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What is Basic Economy?

No-frills air travel is lowering the price of airfare — but at what cost? explains everything you need to know about the rise of basic economy.

Over the past couple of years, airlines have embarked on a competitive race to the bottom. This race to the bottom comes with a handful of changes such as slashed prices, gated features, and a new fare name. Airlines call this bottom, “Basic Economy”.

After digging a bit further into the truth behind basic economy, we have come to the conclusion that more airlines are increasing their focus to offer a basic economy option for 2 major reasons.

Competition for passengers:
In 2017, American Airlines reported 42.2 Billion dollars in revenue compared to a discount airline like Spirit, which reported only 2.6 Billion dollars. Despite the clear size advantage, these large commercial airlines still need to worry about the discount carriers. And that is evident - Spirits revenue more than doubled in the six years from 2011 to 2017.

In an environment where two airlines fly competitive routes, major airlines such as American feel as though they must match the discount airlines fare rates if they want to retain customers that are flying these routes on a consistent basis.

Pressure from investors:
Now, despite the fact that airlines are offering a cheaper fare, this no-frills option is meant to target the most prudent passengers flying on a tight budget. Those who are still flying in coach but chose options just above basic economy are getting up-sold and paying more for what used to be considered standard elements of travel such as overhead carry-on space and being able to choose your own seat.

By offering a tiered pricing approach, airlines are able to stay competitive by catering to the frugal flyer, while still bolstering profits by charging for the basic amenities that other consumers are willing to pay for.

What does basic economy offer?

Probably the best starting point with basic economy is figuring out what you actually get:

1. You get on the plane - That makes sense. You’re definitely getting on the plane with a basic economy ticket. The only catch here is that you will be the last to board, meaning that if you planned to use the overhead space for your luggage, you run the risk of it being full.

2. A Seat - Well, kind of. Yes you get a seat, but when booking on airlines such as Delta and Alaska, basic economy tickets don’t actually get to choose where they sit. Meaning that you’re likely in a middle seat right between a jet engine and the lavatory in the back of the plane. As for other airlines, basic economy packages for airlines like United, Spirit and American give you the ability to choose your seat if you want to pay an additional fee.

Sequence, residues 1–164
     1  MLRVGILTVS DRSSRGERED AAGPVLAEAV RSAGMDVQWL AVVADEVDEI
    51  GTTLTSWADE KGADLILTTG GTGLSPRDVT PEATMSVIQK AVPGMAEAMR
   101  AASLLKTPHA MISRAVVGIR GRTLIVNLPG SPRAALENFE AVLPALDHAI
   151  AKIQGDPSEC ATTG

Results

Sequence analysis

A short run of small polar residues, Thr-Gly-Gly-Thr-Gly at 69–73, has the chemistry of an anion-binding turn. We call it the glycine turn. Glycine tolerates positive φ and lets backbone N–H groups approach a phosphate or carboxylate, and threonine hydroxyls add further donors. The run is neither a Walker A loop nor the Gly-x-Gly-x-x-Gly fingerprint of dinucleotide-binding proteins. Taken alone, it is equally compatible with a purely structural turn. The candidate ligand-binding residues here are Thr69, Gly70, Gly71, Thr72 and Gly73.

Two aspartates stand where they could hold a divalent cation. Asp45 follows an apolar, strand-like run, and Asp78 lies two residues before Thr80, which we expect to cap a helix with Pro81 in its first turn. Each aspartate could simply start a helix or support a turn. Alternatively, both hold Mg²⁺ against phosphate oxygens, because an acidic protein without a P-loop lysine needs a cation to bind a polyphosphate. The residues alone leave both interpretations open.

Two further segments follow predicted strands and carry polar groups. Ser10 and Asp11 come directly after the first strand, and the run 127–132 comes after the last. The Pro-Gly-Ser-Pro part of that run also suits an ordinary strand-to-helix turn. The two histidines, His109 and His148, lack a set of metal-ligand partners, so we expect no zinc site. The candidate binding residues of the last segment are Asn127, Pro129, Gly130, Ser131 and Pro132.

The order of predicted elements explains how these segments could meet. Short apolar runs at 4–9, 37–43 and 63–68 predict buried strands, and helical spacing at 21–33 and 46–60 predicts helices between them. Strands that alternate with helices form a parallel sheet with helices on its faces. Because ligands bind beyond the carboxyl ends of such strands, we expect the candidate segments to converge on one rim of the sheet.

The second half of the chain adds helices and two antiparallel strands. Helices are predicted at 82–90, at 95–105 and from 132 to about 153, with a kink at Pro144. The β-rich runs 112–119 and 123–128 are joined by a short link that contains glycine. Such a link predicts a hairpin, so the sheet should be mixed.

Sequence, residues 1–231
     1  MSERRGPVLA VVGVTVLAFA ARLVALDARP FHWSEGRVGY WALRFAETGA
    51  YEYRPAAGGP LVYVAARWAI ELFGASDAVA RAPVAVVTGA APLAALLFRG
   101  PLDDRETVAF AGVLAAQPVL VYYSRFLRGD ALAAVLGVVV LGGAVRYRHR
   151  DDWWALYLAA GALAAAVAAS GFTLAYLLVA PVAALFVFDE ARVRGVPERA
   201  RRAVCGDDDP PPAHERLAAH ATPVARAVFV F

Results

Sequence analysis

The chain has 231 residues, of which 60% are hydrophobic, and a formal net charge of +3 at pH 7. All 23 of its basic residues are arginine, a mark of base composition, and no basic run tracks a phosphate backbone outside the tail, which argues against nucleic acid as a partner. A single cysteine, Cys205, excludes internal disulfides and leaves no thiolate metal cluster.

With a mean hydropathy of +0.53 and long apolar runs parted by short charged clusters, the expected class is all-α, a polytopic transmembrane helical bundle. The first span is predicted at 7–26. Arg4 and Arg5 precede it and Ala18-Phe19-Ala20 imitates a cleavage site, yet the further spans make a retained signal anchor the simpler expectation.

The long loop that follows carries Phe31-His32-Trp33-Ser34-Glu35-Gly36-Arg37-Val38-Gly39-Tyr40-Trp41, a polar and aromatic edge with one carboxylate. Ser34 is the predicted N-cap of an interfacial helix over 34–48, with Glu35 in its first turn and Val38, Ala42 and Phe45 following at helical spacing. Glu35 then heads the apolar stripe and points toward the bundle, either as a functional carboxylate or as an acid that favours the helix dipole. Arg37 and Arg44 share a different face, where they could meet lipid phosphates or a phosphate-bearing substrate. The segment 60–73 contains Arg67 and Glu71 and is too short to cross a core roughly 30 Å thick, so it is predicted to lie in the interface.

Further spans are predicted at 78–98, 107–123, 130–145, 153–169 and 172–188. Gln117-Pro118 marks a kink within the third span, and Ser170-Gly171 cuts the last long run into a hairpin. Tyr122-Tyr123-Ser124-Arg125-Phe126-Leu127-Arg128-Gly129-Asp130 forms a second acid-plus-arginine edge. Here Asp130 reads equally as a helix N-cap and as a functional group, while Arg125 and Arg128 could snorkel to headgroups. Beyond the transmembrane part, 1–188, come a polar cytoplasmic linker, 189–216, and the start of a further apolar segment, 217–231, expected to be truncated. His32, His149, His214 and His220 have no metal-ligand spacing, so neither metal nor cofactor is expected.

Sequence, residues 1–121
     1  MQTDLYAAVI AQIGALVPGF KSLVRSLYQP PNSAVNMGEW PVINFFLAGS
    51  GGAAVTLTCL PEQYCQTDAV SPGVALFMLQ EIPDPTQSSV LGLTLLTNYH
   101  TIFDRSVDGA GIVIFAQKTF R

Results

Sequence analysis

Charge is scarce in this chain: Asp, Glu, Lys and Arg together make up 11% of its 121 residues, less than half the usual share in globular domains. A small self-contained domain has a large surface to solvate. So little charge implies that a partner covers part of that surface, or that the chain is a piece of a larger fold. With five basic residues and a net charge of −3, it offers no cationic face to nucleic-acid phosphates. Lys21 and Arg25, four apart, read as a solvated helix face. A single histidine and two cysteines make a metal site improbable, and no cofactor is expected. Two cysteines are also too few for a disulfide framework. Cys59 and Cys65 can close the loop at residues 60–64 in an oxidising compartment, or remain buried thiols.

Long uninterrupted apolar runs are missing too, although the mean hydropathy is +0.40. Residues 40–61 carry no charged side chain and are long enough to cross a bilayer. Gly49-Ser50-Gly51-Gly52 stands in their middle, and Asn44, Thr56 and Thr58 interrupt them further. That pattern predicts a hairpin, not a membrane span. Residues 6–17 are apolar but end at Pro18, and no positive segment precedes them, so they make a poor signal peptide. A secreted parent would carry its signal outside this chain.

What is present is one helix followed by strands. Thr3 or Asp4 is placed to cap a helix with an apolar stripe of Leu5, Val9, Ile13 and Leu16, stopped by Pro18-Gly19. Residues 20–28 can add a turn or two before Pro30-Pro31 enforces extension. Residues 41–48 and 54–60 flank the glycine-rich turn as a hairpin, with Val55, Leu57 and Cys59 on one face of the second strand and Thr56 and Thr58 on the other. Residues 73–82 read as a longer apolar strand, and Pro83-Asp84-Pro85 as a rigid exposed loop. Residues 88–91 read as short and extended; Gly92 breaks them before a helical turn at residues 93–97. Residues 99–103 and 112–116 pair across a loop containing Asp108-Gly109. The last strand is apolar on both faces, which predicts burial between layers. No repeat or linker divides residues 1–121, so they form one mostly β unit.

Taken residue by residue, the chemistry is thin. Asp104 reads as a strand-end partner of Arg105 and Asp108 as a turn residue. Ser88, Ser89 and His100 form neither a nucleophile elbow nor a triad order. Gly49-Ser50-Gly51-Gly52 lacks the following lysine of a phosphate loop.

3. A Personal Bag - Every airline allows you to bring a personal item such as a purse or backpack when booking basic economy. But for airlines like United and Spirit you’ll be required to pay an additional $21-65 for bringing a carry-on. Which, you ultimately might have to check since you’ll be boarding last anyway.

So the consensus here is that you will get on the plane, and you will get a seat but when flying basic economy you run the risk of having a poor flying experience and having to pay more for flexibility which business travelers have noted to be extremely important to them.

Basic Economy tickets offer no flexibility whatsoever. In fact, if you book basic economy you run the risk of losing your flight entirely. It’s common to see a business trip postponed or canceled last minute, and with a basic economy ticket you are out of luck because there is no possibility to get a refund.

Now let’s assume that your trip is still on but someone flying business class finds out that their trip is canceled, you still won’t get the upgrade. Basic Economy tickets come with a zero percentage chance of being upgraded regardless of circumstance.

Basic Economy is not all bad though. Truthfully, this pricing option works well for the passengers flying on a budget. Not all flyers need the cushy seats or extra leg room that come with the higher packages, and with most business trips being under 250 miles, dealing with the seating can be worth the extra hundred dollars in some cases.

If you are traveling on a tight budget and don’t mind the stipulations that come with basic economy fares, book away! But if you’re traveling quite a distance for business and looking to find a way from point A to B that won’t leave you bent over like a question mark, we’d suggest approaching your booking process with caution.

How does your corporate travel policy stack up?

Posted by

Connor Gross
better corporate travel starts here.

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